Professor Rangi Mātāmua is a Māori scholar who has revolutionised New Zealand's understanding of Māori astronomy, particularly Matariki. Now, he has a new role as chief advisor to the government on Matariki – the Māori New Year.
The newly created role sees Mātāmua ensuring authenticity in all the government's Matariki initiatives, and assisting its promotion through funding, events, resources, and knowledge.
The commercialisation of Matariki has been an area of concern for Mātāmua since the government first signalled a move to celebrate Matariki officially and as a nation.
“I'm not saying it's bad that some are using Matariki for business purposes but, for those who want to belittle Matariki and its values, they are a part of why I'm in this role,” Mātāmua says.
The inaugural Matariki public holiday was announced in 2021 to be first celebrated on June 24 this year on advice from the Matariki Advisory Group which Matamua led.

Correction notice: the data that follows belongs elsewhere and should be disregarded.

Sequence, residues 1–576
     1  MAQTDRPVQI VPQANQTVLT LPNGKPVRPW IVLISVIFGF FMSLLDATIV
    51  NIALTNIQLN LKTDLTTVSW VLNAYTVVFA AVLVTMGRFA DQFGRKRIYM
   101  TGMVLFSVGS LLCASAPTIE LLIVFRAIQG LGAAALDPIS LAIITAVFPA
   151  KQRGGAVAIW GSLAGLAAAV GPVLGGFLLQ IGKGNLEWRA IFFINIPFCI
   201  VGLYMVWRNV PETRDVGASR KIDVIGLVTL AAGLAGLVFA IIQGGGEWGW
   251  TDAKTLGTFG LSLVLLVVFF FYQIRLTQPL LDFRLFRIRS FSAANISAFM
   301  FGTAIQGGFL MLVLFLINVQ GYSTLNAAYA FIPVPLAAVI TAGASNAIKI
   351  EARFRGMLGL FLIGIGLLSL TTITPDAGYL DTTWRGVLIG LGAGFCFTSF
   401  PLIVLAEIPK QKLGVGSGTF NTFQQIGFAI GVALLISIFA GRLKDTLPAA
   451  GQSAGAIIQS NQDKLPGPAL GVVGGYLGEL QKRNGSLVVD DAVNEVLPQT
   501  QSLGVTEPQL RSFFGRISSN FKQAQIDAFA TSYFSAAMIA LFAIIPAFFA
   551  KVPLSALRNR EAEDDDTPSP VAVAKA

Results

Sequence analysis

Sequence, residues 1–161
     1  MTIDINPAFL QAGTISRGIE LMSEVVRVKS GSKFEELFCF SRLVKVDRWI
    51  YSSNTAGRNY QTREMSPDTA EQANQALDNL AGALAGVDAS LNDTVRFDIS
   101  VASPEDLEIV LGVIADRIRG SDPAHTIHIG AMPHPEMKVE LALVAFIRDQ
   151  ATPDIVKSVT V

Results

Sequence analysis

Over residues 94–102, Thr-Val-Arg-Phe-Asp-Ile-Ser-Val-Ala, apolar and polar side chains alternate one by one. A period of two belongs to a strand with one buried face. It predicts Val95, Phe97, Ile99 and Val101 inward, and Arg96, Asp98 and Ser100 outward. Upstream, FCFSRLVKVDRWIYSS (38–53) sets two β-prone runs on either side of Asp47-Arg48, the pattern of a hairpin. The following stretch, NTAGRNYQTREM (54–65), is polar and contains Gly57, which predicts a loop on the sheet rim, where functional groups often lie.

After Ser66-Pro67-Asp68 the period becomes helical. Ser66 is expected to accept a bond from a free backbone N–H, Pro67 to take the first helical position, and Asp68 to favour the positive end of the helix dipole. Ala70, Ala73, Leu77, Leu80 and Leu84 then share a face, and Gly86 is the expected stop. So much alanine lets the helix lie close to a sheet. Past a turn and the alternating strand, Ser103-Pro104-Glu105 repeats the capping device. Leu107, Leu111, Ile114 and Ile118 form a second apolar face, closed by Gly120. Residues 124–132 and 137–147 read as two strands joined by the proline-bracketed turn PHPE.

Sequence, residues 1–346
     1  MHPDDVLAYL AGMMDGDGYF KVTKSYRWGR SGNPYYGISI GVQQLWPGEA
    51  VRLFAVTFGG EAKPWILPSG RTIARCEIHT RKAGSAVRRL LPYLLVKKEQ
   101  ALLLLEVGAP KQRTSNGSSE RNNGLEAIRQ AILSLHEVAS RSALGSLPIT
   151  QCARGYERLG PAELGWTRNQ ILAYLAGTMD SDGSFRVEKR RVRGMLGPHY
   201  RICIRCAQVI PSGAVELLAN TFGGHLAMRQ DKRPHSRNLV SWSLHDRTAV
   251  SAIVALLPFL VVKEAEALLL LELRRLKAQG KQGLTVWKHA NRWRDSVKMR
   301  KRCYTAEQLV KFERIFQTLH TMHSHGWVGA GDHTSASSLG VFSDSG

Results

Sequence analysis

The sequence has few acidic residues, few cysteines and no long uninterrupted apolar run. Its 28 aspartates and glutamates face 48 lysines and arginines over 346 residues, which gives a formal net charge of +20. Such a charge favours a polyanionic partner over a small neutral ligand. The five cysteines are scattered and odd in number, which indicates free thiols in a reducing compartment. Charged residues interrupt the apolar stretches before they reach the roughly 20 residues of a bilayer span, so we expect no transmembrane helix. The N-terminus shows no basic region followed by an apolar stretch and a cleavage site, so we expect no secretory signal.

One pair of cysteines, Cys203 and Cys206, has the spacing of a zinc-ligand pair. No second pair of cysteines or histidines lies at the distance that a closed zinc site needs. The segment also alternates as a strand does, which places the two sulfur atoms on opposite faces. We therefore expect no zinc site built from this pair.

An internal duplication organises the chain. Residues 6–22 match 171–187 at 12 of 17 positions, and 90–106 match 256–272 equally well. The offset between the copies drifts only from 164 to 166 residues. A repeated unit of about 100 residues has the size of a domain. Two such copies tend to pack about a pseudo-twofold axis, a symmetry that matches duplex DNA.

It is the country’s first public holiday that recognises te ao Māori and is a distinctly New Zealand holiday.
Matariki is a cluster of stars, also known as the Pleiades or the Seven Sisters, and observes the rising of the cluster in mid-winter marking the start of the Māori New Year. Some iwi, however, celebrate the Māori new year with the rising of other stars, such as Puanga, also known as Rigel and the brightest star of the Orion constellation.
Matamua insists he’d like to see the western and Māori calendars co-exist.
“I like the western calendar if we're living in a western world. We also have to know where we are in the Māori calendar, so we know what to do and what the environment is doing. I'm not saying get rid of the western calendar, no, we have to understand both.”